What vision. Bobby Knight said of Larry Bird: “It’s like he’s got a camera on the back of his head to see things no one else sees.”

Trae’s got that same camera. And a bullet in his holster.

He gets a defensive rebound and before you know it he sees his teammate sixty feet ahead and, within one second, puts the ball in the teammate’s hands in stride for an uncontested simple layup. Watching this, I ask: “How did he see that guy? And how did he pass that ball with such perfect speed and accuracy?” It’s not something 99.999 percent of the best basketball players of all time could do even once.

Trae does this like it’s tying his shoes.

His team now faces the Miami Heat in a playoff series. If you’re jazzed watching basketball skills taken to the zenith, set aside time to watch this ball of fire torch the Heat.

This guy just recorded one of the greatest seasons in NBA history leading the league in total points and assists. First one to do this since the early seventies.

So what we have here is a guy hitting the prime of his basketball career playing at some level above elite.

But it’s not about the spellbinding numbers. It’s the feeling you guy watching him play. You see this 5 foot 10 guy and figure there’s no way he can dominate a game on a court loaded with superb athletes towering above him. It doesn’t make sense he can make all of them look vulnerable and mystified.

Basketball prodigies defy explanation. Bird couldn’t jump as high nor move his feet as fast as most other NBA players. Yet he could outfox all of them with his guile and exquisite skills. So can Trae.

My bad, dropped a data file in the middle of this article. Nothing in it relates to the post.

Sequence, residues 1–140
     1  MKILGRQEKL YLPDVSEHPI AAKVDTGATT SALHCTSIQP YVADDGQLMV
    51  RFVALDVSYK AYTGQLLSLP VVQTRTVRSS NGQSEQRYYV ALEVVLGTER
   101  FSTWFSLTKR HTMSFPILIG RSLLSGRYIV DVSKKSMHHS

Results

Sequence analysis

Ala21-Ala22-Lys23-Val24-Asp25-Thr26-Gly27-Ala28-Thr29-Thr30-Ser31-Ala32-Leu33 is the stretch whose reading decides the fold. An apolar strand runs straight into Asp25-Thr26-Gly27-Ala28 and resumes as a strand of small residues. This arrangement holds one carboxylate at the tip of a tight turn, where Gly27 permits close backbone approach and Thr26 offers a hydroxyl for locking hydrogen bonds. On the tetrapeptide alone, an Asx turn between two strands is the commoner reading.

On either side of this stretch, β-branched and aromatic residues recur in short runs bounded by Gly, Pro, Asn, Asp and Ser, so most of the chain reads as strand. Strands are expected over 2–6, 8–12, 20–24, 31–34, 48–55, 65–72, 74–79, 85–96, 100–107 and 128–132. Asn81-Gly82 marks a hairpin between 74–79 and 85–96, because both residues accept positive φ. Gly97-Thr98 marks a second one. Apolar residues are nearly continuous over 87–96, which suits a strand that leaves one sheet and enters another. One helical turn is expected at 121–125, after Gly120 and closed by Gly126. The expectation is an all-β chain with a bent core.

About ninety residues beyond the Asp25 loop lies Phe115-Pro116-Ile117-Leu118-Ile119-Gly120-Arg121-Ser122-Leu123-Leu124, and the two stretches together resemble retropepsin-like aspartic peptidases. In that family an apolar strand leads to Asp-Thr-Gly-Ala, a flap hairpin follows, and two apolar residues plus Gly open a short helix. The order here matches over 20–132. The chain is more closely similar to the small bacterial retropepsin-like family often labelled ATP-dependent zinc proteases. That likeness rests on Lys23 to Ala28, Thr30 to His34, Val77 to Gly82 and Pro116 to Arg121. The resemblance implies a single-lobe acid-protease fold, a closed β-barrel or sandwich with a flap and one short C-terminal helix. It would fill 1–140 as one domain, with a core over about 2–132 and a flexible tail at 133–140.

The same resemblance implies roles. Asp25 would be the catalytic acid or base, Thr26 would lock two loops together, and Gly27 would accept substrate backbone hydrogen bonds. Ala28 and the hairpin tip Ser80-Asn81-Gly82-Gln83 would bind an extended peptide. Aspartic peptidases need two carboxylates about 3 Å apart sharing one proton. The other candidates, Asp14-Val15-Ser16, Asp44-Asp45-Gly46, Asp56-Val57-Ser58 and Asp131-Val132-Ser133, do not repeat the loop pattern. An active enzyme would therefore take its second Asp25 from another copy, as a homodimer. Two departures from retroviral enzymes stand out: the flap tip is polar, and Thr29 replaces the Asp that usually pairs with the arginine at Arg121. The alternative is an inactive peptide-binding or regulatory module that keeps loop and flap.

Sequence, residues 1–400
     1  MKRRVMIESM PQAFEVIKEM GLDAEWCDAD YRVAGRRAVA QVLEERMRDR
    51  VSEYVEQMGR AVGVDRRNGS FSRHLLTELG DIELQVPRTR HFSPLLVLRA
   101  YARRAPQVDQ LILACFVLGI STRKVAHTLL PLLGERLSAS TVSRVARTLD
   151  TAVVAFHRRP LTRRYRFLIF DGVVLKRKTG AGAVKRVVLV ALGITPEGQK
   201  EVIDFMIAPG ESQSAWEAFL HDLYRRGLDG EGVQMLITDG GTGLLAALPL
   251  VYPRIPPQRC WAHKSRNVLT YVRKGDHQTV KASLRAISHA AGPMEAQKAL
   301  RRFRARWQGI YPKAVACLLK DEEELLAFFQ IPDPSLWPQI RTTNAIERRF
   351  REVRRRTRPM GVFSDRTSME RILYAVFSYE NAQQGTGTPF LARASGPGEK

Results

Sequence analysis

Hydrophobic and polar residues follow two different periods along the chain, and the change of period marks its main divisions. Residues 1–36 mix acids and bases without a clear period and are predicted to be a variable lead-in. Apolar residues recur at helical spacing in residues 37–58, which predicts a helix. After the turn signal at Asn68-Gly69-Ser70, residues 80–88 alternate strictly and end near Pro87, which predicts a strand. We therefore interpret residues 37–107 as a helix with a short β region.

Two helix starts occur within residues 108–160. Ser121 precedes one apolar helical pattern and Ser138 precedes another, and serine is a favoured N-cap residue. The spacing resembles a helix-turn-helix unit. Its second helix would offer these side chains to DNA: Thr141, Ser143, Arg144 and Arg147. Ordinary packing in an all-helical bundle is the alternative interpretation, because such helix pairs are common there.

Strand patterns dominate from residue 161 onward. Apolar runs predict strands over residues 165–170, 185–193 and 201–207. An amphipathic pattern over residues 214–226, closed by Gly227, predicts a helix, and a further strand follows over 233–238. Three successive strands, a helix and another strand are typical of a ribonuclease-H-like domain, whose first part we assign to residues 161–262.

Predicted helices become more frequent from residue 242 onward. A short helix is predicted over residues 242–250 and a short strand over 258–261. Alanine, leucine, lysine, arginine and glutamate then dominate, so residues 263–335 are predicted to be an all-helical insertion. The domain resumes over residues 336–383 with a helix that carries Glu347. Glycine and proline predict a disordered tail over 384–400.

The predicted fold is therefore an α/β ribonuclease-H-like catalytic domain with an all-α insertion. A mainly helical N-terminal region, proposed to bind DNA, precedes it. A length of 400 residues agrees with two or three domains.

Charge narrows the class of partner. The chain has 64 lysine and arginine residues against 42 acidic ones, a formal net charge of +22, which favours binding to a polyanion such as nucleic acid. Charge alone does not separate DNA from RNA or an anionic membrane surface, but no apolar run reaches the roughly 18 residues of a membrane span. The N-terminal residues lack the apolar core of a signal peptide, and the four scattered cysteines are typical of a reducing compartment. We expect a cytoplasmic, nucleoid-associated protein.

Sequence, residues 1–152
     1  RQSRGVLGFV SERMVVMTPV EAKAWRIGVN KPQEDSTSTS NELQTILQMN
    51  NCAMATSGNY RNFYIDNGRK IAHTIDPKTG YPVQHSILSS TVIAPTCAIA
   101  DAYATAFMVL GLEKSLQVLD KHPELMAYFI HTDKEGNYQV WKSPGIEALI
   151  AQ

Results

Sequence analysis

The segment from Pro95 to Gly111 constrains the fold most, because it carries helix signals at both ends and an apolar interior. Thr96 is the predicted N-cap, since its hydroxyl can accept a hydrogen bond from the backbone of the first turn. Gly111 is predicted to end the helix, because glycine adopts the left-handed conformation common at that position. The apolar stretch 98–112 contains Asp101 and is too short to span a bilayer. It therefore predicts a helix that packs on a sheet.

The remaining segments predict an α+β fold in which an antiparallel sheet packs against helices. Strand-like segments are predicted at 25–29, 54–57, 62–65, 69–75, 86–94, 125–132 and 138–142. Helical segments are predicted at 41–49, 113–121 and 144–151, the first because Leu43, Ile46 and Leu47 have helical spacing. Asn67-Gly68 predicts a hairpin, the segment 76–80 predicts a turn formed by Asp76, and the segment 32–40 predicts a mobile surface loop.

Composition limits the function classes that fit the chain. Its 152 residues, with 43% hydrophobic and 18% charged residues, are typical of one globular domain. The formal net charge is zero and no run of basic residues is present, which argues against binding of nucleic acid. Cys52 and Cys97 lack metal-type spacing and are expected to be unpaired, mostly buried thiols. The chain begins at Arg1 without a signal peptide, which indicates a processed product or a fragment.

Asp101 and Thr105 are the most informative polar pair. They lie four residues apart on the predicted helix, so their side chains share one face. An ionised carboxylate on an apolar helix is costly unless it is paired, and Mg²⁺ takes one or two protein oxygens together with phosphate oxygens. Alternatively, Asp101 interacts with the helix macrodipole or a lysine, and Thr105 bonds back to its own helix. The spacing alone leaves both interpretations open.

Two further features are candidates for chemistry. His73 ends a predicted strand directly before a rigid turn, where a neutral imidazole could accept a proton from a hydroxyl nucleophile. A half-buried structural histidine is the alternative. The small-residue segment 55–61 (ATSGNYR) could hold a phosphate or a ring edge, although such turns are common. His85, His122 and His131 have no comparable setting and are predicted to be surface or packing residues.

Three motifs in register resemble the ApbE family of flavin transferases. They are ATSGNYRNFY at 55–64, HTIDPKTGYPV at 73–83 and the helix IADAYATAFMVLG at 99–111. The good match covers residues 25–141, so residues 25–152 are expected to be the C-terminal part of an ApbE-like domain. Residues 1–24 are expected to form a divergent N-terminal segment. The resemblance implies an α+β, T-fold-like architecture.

Older guys like us have seen enough basketball players to sort out the wannabees, from great players to the guys above them who are basketball wonders in a separate category of superiority.

We know what Bird did wasn’t normal. We know he outperformed in so many ways the best of his or any other basketball era.

And we know we have another guy, Trae Young, making us ask ourselves “how does he do that?” over and over again.

About Post Author

Sammy Sportface

Sammy Sportface, a sports blogger, galvanizes, inspires, and amuses The Baby Boomer Brotherhood. And you can learn about his vision and join this group's Facebook page here: Sammy Sportface Has a Vision -- Check It Out Sammy Sportface -- The Baby Boomer Brotherhood Blog -- Facebook Page
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Sammy Sportface
Sammy Sportface
Sammy Sportface, a sports blogger, galvanizes, inspires, and amuses The Baby Boomer Brotherhood. And you can learn about his vision and join this group's Facebook page here:

Sammy Sportface Has a Vision -- Check It Out

Sammy Sportface -- The Baby Boomer Brotherhood Blog -- Facebook Page

By Sammy Sportface

Sammy Sportface, a sports blogger, galvanizes, inspires, and amuses The Baby Boomer Brotherhood. And you can learn about his vision and join this group's Facebook page here: Sammy Sportface Has a Vision -- Check It Out Sammy Sportface -- The Baby Boomer Brotherhood Blog -- Facebook Page